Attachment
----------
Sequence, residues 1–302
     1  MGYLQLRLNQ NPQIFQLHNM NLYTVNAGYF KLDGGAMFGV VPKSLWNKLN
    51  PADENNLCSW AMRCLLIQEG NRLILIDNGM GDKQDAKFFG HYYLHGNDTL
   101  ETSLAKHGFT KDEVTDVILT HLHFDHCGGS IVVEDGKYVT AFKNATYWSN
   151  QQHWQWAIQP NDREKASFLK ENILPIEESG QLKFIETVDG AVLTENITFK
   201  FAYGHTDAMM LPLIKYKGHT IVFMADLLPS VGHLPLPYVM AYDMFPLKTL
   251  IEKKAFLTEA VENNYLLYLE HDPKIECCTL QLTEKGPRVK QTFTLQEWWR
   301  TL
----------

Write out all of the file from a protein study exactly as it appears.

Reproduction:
Sequence, residues 1–302
     1  MGYLQLRLNQ NPQIFQLHNM NLYTVNAGYF KLDGGAMFGV VPKSLWNKLN
    51  PADENNLCSW AMRCLLIQEG NRLILIDNGM GDKQDAKFFG HYYLHGNDTL
   101  ETSLAKHGFT KDEVTDVILT HLHFDHCGGS IVVEDGKYVT AFKNATYWSN
   151  QQHWQWAIQP NDREKASFLK ENILPIEESG QLKFIETVDG AVLTENITFK
   201  FAYGHTDAMM LPLIKYKGHT IVFMADLLPS VGHLPLPYVM AYDMFPLKTL
   251  IEKKAFLTEA VENNYLLYLE HDPKIECCTL QLTEKGPRVK QTFTLQEWWR
   301  TL